The next two hours were spent scouting out hotels and guesthouses. Despite being the second largest city in Laos, Luang Prabang was not that big. Decent and affordable accommodations was near impossible to find. The hotels and guesthouses we looked through were either really nice and fancy (for Laos standard) at >$100 / night (which is absurd for this part of the world) or was <$10 / night and really terrible. We later found out that we were not looking in the right section of town and eventually moved to the right part after two nights.
The guesthouse we finally settled for the first night was good, but of course the struggles were not over. The room was supposed to have AC, but there was no remote in the room. We asked for remote, but they didn’t know where it was and had to find it. When they did find it, it didn’t have batteries, so someone had to go buy batteries. When the remote came back with batteries, it worked but didn’t connect with the AC and the AC wasn’t responding to it. When we told them that they didn’t believe us, and of course had to check for themselves. It eventually got fixed but this was a typical example of how things are in this part of the world. Everything is a struggle and you can’t take for granted that anything will work.
Some other initial impressions we had:
The Lao currency is the kip (LAK), at approximately 8000 kip per dollar. It’s hard to divide by 8000 in your head, even harder than 20,000 as we had to in Vietnam.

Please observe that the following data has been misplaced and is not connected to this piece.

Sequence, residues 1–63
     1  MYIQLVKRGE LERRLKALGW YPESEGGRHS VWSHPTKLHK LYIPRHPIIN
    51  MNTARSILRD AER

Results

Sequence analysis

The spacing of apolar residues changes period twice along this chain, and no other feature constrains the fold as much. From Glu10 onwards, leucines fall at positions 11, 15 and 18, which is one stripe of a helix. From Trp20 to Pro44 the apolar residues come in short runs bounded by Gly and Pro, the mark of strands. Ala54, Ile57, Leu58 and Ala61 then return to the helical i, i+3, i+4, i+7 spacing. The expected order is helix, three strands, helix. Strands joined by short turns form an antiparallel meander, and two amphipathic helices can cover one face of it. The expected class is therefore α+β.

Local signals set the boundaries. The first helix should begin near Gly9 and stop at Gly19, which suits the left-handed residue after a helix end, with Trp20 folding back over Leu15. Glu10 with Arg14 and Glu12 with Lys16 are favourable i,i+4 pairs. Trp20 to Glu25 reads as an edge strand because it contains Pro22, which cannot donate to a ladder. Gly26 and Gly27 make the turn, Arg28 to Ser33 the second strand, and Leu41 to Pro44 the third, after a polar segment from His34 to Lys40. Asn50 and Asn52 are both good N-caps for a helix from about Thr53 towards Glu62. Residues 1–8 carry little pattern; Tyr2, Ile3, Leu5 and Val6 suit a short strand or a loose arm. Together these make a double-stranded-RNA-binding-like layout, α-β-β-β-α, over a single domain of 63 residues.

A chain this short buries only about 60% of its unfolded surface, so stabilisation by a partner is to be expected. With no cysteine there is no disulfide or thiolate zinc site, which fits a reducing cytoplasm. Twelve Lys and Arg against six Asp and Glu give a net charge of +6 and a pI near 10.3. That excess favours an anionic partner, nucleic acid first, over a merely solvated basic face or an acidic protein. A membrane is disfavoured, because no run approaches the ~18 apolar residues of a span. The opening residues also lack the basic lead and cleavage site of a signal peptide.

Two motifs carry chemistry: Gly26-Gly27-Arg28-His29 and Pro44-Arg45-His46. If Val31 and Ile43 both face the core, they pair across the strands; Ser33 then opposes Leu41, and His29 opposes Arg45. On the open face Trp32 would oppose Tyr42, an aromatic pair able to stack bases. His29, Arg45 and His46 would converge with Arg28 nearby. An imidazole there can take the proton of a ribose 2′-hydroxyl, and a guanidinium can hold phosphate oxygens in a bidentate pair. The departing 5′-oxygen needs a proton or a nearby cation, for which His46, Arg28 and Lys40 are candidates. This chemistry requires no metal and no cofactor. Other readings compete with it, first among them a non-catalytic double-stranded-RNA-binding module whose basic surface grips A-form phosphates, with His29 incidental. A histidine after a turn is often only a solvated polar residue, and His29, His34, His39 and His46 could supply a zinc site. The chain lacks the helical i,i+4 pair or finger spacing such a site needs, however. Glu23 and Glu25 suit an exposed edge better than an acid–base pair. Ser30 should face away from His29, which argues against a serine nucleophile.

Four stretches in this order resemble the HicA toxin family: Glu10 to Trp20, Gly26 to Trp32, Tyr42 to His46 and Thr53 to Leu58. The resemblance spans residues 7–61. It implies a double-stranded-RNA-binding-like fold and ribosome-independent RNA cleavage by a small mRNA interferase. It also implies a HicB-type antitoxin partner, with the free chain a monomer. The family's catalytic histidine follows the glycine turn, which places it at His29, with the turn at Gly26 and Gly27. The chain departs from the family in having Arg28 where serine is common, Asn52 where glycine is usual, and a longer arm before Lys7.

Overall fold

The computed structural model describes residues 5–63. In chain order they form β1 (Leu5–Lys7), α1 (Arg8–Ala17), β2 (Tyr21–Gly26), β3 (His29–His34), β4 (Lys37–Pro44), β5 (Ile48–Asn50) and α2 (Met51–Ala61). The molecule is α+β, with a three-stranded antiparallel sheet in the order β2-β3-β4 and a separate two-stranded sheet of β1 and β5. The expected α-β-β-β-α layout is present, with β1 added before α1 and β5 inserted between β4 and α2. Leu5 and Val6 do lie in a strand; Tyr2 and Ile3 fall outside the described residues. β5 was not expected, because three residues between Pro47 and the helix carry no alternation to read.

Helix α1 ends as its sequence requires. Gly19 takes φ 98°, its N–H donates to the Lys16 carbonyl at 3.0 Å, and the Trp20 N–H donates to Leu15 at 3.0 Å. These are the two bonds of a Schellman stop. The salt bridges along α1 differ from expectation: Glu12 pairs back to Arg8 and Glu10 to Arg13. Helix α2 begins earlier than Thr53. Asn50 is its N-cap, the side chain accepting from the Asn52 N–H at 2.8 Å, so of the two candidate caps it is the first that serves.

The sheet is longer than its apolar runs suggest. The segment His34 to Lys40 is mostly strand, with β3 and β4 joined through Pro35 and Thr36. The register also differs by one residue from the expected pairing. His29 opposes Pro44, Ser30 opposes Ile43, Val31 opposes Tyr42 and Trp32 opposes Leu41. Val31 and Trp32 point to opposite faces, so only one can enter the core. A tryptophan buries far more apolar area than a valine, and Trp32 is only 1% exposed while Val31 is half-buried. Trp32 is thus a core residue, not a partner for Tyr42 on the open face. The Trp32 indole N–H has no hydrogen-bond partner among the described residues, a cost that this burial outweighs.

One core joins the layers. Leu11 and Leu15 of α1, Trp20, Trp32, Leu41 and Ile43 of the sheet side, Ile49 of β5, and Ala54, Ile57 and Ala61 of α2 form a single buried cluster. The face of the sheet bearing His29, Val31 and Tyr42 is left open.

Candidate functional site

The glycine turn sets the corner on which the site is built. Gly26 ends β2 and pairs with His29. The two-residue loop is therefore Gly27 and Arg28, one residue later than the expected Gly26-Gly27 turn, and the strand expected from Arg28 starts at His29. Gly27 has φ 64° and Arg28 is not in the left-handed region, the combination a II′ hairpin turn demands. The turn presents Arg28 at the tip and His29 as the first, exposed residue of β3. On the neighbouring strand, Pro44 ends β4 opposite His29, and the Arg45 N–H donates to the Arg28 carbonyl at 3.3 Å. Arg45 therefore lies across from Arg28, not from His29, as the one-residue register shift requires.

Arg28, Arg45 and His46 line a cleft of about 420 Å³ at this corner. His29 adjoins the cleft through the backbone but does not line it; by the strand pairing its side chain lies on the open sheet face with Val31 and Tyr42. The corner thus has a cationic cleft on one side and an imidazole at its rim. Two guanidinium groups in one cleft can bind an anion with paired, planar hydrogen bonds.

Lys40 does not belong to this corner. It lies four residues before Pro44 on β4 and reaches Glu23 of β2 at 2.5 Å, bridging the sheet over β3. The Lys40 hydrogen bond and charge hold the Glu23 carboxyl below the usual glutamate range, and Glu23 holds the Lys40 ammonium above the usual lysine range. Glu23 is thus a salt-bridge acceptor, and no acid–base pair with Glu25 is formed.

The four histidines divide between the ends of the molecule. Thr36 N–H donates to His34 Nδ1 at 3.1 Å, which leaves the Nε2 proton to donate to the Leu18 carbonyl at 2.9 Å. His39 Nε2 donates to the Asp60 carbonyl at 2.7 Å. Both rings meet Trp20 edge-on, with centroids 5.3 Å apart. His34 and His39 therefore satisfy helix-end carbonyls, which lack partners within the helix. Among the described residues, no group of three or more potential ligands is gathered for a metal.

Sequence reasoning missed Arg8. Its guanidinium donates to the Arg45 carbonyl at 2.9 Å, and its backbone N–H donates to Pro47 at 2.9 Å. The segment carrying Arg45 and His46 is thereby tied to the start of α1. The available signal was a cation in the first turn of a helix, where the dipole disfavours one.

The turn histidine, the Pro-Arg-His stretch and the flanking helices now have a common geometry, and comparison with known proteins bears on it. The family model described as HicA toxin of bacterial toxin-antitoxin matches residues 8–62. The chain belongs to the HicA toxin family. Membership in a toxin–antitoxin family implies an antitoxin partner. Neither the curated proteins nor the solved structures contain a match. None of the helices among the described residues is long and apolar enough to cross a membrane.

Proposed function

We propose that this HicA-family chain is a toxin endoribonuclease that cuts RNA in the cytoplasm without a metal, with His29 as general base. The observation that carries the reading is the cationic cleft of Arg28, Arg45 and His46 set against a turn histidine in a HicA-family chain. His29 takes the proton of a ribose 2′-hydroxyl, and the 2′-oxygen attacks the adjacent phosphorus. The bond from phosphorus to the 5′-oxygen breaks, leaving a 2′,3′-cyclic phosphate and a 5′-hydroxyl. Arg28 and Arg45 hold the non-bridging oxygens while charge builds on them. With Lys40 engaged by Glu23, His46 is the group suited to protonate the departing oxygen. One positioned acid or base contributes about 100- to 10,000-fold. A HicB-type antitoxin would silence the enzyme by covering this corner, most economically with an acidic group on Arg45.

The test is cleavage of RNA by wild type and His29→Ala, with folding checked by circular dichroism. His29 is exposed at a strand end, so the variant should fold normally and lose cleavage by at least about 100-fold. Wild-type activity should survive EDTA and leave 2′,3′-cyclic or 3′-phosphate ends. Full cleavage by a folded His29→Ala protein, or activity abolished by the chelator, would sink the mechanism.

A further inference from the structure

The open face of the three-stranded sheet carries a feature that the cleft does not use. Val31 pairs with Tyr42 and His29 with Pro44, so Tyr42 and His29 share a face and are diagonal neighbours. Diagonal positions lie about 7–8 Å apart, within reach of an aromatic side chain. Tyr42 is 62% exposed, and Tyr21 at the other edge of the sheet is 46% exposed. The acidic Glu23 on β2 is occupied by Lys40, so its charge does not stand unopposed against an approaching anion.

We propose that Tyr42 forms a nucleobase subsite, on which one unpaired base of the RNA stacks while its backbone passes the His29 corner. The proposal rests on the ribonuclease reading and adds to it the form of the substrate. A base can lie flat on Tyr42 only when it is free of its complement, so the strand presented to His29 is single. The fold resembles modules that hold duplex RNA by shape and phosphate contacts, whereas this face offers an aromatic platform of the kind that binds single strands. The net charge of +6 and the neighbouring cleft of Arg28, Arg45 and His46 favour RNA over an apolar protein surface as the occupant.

Laos was laid-back to a whole new level. Things go slowly and take time. There’s no better example than the slow boat (400km over the course of 2 days).
Much of Laos is untouched and undeveloped. It’s a great place for nature-lovers looking to be far from their technology-dependent lives in bustling urban centers.
Laos was dusty. This was probably mainly due to the unpaved roads, but it seemed to be dusty even in places with paved roads.
The beginning of Laos has been challenging, especially coming from Thailand, where things were better developed. I’m proud of us because I don’t think we would have handled it half as well as we did if Laos had been one of our first countries a few months ago. We’re hopeful the days will get better as we get accustom to Laos and begin discovering its hidden gems.
For more pictures of our 2-day trip, please visit the gallery!